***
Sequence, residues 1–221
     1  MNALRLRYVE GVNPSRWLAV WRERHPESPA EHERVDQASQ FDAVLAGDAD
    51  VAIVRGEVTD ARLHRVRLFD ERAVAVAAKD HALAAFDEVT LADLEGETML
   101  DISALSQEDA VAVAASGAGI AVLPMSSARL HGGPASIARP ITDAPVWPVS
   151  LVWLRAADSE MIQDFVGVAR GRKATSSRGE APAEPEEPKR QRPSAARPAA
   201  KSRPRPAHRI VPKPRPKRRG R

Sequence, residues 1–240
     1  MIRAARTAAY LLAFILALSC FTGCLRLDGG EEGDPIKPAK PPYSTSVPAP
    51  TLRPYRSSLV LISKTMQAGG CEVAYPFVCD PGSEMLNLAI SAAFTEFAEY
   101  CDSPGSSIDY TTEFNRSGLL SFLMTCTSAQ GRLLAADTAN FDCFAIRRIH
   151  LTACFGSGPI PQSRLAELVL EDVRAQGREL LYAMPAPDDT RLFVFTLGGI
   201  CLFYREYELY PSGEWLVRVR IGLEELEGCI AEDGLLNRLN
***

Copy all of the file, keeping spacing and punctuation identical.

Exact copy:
Sequence, residues 1–221
     1  MNALRLRYVE GVNPSRWLAV WRERHPESPA EHERVDQASQ FDAVLAGDAD
    51  VAIVRGEVTD ARLHRVRLFD ERAVAVAAKD HALAAFDEVT LADLEGETML
   101  DISALSQEDA VAVAASGAGI AVLPMSSARL HGGPASIARP ITDAPVWPVS
   151  LVWLRAADSE MIQDFVGVAR GRKATSSRGE APAEPEEPKR QRPSAARPAA
   201  KSRPRPAHRI VPKPRPKRRG R

Sequence, residues 1–240
     1  MIRAARTAAY LLAFILALSC FTGCLRLDGG EEGDPIKPAK PPYSTSVPAP
    51  TLRPYRSSLV LISKTMQAGG CEVAYPFVCD PGSEMLNLAI SAAFTEFAEY
   101  CDSPGSSIDY TTEFNRSGLL SFLMTCTSAQ GRLLAADTAN FDCFAIRRIH
   151  LTACFGSGPI PQSRLAELVL EDVRAQGREL LYAMPAPDDT RLFVFTLGGI
   201  CLFYREYELY PSGEWLVRVR IGLEELEGCI AEDGLLNRLN